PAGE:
Indeed, Sullivan’s text focuses efficiently on the fallout of Antigone’s ill-fated refusal to let her brother’s body go unconsecrated while preserving a generous measure of the Chorus’s poetic exhortations. It is not so much updated as infused with booster shots of vulgarity and anachronism: “All her blooded-ancestor, family-line bullshit,” Kreon exclaims after a standoff with Antigone. “All this earth-gods-gave-her-this, blah-blah-blah. So fucking fatiguing.” In another passage that concludes, “To be a bit blunt,” Sullivan has Antigone herself mutter the f-word a dozen times.
Back home and poised to reenter Antigone rehearsals full-time, the eight cast members are uniform in their view that Brzezinka was not just an invaluable boon to the production but a gateway experience in their personal development as actors. “We’ve built up those ensemble muscles in a way that doesn’t usually happen,” offers Paul Loper, the professional dancer who plays blind Tiresias. “It provided us time for connecting, risking, responding to each other, blending ourselves into a team. What could be better than that?”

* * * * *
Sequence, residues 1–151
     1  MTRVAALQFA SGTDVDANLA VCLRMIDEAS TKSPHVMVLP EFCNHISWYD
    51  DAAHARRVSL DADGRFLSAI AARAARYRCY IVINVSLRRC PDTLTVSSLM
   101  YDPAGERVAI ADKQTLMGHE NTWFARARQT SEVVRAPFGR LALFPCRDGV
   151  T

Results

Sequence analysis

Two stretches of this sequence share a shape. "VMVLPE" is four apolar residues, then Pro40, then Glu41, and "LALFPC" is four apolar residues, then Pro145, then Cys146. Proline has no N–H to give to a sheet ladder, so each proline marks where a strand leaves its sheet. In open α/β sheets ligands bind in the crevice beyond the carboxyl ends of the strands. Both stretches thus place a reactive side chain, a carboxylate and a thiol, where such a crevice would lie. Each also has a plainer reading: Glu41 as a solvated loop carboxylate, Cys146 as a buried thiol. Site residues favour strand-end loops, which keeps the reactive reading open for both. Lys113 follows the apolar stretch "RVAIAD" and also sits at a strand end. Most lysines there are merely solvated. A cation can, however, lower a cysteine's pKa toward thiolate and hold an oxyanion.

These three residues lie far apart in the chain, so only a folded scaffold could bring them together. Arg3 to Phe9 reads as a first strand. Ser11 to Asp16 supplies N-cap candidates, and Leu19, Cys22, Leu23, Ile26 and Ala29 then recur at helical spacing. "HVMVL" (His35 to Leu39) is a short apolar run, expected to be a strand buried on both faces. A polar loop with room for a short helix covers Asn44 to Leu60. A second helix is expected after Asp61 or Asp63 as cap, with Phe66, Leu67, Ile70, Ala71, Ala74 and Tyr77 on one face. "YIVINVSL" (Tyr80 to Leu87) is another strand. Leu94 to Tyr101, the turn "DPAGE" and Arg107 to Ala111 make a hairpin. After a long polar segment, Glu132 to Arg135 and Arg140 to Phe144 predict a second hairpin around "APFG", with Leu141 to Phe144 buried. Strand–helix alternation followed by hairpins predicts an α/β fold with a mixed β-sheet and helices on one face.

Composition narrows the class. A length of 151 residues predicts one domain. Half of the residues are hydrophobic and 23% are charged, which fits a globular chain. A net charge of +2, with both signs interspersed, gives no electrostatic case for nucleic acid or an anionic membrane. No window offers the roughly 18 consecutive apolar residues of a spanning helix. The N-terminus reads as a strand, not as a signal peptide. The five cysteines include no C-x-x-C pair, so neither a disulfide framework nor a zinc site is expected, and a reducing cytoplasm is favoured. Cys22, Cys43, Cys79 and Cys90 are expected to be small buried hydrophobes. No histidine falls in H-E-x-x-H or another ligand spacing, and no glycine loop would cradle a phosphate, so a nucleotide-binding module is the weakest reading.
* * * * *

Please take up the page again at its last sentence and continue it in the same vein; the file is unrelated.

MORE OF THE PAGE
“Having lived together puts us so far ahead in terms of communication and understanding,” Strasser stresses. “We have all that generative work we did there to draw upon and fall back on.” Jaster, who sees the training experience as “taking collective responsibility” for the production, echoes Rogers when she marvels about the Grotowskian melding of theatrical and musical realms. Wong (who in addition to playing Kreon has assumed responsibility for the show’s costume design) is certain that “everything we accomplished is going to stay with us into final rehearsals—we’re going to be trying to recreate moments we had there.”